Big Wind scored a major victory in the Hawaii Supreme Court with the unanimous affirmation of a lower court decision approving the Habitat Conservation Plan (HCP) and Incidental Take License (ITL) for the Na Pua Makani wind power project on Oahu’s north shore.
Local wildlife activists who have long opposed industrial wind facilities in the Aloha State expressed disappointment at the decision.
The Conservation Council of Hawaii, an affiliate of the National Wildlife Federation, opposes offshore industrial wind facilities and has expressed grave concerns about onshore wind energy production as well.
In 2015, Hawaii became the first state to commit to 100 percent renewable energy, setting a 2045 target date. Large wind projects are a major component of the state’s energy plan.
Endangered Species Killings OK’d
The Hawaii State Board of Land and Natural Resources approved the HCP and ITL for the Na Pua Makani 25-megawatt industrial wind facility near Kahuku, in May 2018. The wind facility has since been constructed and become operational.
The court-approved plan authorizes Na Pua Makani to “take” up to 51 ʻōpeʻapeʻa, the Hawaiian hoary bat, over a 21-year period. The Hawaiian hoary bat, the only extant native terrestrial mammal on the islands, is the state mammal and is on the federal government’s list of endangered species.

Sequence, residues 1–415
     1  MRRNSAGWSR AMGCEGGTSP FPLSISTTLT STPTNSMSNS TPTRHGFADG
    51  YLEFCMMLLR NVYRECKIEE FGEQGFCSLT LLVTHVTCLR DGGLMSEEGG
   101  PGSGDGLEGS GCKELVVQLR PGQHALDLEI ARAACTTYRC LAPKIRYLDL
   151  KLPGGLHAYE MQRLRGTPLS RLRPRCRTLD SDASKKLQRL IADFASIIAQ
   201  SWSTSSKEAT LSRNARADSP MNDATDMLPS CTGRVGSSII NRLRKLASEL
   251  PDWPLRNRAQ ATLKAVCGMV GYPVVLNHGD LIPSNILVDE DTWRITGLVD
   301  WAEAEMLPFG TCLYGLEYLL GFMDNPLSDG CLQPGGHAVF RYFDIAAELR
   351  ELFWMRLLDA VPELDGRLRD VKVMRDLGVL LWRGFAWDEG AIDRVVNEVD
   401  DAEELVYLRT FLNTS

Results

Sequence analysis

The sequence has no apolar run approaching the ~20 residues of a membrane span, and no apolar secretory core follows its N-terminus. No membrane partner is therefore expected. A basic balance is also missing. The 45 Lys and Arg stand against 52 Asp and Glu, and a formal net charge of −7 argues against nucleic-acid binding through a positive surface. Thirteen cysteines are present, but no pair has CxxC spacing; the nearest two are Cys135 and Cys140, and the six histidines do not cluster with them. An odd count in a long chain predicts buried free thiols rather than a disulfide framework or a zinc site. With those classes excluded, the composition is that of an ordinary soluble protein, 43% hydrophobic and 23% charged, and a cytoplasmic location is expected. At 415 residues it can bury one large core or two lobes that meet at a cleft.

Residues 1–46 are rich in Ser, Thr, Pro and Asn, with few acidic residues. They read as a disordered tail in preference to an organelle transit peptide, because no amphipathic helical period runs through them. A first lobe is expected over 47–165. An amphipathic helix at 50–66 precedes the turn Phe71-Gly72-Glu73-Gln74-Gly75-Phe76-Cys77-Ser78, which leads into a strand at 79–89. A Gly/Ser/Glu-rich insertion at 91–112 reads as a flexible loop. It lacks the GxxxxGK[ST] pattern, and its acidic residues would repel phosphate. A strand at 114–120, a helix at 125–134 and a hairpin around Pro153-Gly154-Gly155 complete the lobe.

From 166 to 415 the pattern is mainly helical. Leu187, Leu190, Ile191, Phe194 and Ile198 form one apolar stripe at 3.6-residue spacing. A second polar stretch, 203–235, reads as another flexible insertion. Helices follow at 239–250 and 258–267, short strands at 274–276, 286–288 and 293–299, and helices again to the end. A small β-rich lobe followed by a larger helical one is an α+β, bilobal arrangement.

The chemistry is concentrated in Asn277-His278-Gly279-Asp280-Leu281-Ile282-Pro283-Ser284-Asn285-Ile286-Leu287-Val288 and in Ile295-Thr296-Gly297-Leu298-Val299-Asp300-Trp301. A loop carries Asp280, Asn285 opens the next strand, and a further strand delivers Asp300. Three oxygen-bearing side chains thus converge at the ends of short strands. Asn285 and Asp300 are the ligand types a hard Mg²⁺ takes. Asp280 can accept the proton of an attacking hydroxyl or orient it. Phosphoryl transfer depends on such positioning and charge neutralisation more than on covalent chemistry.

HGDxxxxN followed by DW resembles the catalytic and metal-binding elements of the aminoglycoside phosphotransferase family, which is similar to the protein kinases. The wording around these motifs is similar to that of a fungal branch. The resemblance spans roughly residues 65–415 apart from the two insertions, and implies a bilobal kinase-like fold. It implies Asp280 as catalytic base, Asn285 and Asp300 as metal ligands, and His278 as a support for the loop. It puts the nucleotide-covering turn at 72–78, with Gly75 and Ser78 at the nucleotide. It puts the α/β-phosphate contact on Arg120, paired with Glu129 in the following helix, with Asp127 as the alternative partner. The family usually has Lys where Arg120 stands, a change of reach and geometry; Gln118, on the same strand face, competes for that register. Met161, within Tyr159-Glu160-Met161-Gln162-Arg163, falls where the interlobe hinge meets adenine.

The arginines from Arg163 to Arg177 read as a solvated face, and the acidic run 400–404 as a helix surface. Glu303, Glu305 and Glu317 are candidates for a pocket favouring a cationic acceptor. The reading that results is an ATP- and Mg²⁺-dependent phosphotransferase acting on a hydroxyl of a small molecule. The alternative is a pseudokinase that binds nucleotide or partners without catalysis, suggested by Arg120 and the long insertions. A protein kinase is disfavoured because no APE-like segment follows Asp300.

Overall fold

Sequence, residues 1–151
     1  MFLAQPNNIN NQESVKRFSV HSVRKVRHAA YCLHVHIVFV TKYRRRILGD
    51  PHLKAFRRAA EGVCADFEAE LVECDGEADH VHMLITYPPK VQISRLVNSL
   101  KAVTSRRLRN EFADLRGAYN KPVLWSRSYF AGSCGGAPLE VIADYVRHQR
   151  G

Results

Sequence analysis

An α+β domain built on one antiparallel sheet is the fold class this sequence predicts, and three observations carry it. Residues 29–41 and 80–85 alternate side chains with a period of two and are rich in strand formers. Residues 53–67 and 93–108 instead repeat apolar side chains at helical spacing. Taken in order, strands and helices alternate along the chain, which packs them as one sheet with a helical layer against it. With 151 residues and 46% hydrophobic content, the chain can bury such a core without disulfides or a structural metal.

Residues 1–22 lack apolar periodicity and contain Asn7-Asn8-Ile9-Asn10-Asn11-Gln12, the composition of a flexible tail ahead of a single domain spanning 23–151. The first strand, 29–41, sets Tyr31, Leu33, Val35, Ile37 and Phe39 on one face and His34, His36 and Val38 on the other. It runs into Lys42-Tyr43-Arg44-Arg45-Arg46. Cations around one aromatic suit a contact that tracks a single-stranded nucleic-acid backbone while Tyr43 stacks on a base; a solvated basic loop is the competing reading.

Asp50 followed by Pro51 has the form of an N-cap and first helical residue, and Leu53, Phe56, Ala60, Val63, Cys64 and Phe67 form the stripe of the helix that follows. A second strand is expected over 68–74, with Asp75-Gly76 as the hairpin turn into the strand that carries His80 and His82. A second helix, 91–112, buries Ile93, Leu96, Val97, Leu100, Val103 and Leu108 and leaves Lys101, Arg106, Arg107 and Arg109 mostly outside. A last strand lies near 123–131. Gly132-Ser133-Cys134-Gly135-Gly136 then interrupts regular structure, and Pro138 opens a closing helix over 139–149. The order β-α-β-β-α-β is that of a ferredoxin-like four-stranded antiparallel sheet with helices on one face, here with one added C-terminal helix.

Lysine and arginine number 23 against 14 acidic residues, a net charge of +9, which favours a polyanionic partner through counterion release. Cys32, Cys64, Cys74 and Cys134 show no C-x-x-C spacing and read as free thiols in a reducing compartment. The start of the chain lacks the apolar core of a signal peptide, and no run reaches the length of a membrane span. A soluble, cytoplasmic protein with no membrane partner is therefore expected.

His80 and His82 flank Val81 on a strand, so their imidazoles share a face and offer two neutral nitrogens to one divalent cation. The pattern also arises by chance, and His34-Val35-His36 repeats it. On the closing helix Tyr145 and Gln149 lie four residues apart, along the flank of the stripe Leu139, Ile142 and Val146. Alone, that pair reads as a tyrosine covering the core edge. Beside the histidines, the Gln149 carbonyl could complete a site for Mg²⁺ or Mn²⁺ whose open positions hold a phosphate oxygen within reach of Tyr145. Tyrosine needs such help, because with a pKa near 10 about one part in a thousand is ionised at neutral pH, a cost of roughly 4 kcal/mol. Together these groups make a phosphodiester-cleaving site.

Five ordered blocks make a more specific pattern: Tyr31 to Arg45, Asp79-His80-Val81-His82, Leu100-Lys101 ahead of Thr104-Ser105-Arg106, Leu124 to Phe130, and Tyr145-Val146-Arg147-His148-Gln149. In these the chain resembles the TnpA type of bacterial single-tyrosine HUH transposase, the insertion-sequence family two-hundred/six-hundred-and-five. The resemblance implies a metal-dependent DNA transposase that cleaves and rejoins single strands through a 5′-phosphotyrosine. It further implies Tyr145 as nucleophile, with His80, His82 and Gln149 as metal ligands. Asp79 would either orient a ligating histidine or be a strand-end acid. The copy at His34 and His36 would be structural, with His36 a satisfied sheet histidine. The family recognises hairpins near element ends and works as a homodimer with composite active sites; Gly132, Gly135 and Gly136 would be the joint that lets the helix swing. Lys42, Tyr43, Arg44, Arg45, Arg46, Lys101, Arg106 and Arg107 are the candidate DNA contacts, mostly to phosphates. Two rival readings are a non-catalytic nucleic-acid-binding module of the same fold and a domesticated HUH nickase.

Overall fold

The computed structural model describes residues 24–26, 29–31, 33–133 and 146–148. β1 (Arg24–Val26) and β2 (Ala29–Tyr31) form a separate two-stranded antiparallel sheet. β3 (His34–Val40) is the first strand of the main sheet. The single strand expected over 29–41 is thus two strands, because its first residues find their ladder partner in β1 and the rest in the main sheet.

Keep the North Shore Country (KNSC) filed suit to block the wind facility, citing its potential killings of Hawaiian hoary bats.
After the First Circuit Court upheld the plan and license, KNSC filed an appeal, claiming the HCP was unlawful because of alleged procedural irregularities and because the plan did not comply with Hawaii’s endangered species statutes.
The Hawaii Supreme Court rejected KNSC’s arguments in full.
Confirms Wildlife Killings
Na Pua Makani is the third operating wind facility on Oahu’s north shore.
The Kahuku farm has had one confirmed bat kill in the past seven years. The Kawailoa farm has reported no kills since installing deterrents in June 2019. Na Pua Makani has reported no “takes” of bats.
It is disingenuous to claim Hawaiian wind facilities are not harming wildlife, says Moana Bjur, executive director of the Conservation Council for Hawaii.
“We have seen our alala (Hawaiian crow), the Hawaiian common gallinule, the Hawaiian black-necked stilt, pueo (Hawaiian short-eared owl), the àkohekohe (honeycreeper), and Hawaiian petrels and nenes being killed, in addition to our hoary bats,” said Bjur. “Ecological concerns over wind facilities also include the disturbance of native wildlife habitat, plants, and ecosystems on both land and water via the infrastructure needed to support wind facilities.”
In addition to the harm to wildlife, Hawaii’s wind facilities are increasing ratepayers’ and consumers’ costs, with developers profiting at the people’s expense, says Bjur.
“The public most definitely is not profiting,” said Bjur. “We are seeing higher energy costs every year.”
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